Last week, Victor Major of Belgium-based Velocite Cycles claimed that Pinarello had infringed one of his design patents (a claim Pinarello denied). Whichever company is right in that particular dispute it's common knowledge that knock-offs plague the cycle industry – Pinarello is copied so frequently by Chinese counterfeiters that the knock-offs have a name, Chinarellos. The topic is covered in-depth in the 25,000-word Faking It series on BikeBiz. It's almost impossible to keep tabs on all of the knock-off specialists, but there could soon be an automated way of doing so.
US company TrademarkVision is developing software that will be able to take a 3D scan of, say, a distinctive TT frame shape, and then monitor whether it becomes available from non-official sources. TrademarkVision currently offers a 2D version of this software to monitor logo rip-offs. The company was founded by computer-vision researcher Sandra Mau, and uses "deep learning" and a type of Google reverse image search to spot copyright-infringing graphics.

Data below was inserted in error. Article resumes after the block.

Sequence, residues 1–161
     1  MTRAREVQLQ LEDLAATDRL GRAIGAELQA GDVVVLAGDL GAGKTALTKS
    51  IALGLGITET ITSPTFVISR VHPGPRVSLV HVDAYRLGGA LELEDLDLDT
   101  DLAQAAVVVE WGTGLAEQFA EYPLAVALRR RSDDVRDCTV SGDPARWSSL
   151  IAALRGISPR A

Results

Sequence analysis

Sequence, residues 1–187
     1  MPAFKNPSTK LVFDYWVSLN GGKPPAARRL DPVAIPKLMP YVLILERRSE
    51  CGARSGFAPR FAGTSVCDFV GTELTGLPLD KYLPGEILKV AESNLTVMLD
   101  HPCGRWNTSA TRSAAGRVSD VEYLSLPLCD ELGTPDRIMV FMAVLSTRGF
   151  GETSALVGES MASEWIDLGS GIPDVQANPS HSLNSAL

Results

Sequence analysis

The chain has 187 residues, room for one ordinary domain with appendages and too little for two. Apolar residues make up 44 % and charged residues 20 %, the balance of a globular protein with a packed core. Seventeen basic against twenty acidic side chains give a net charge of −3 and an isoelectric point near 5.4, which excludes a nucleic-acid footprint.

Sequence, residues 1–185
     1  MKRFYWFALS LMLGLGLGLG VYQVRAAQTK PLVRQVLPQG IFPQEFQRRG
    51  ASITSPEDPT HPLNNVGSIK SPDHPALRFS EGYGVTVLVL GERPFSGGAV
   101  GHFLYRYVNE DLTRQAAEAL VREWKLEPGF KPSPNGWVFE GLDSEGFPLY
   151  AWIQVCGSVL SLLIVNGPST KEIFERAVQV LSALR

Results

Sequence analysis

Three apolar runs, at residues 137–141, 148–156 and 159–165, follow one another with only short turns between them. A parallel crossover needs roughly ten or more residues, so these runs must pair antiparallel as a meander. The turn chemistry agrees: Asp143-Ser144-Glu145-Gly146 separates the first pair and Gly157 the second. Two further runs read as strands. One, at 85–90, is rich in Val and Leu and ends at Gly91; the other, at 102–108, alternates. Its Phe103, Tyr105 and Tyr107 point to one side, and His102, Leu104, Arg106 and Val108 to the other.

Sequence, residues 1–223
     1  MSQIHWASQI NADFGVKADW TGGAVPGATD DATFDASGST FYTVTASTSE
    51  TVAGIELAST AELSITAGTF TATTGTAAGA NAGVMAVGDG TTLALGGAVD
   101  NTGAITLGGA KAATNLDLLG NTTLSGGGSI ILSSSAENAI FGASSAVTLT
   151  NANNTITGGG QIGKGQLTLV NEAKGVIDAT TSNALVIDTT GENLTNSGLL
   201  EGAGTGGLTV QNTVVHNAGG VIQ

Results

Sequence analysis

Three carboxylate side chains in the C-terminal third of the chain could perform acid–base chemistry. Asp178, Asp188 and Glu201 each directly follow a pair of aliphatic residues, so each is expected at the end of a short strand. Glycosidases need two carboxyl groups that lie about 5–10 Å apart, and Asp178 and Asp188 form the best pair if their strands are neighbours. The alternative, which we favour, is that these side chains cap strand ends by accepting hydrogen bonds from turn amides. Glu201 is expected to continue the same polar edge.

Now, TrademarkVision say "we’re finalising the world’s first visual search engine for Industrial Designs/ Design Patents."
The search engine is currently in beta, with the company welcoming input from companies with design shapes they'd like to protect.
It's expected companies will be able to upload 3D designs and search websites offering similar looking products. There would also be a monitoring element. So, once a 3D design has been uploaded, the software will monitor the internet and inform the rights holder once a potentially infringing shape is spotted. This could revolutionise the way knock-offs are currently swatted in the bike industry.
For more on this issue, read "On your marques - what can bike manufacturers do to foil the fakers?"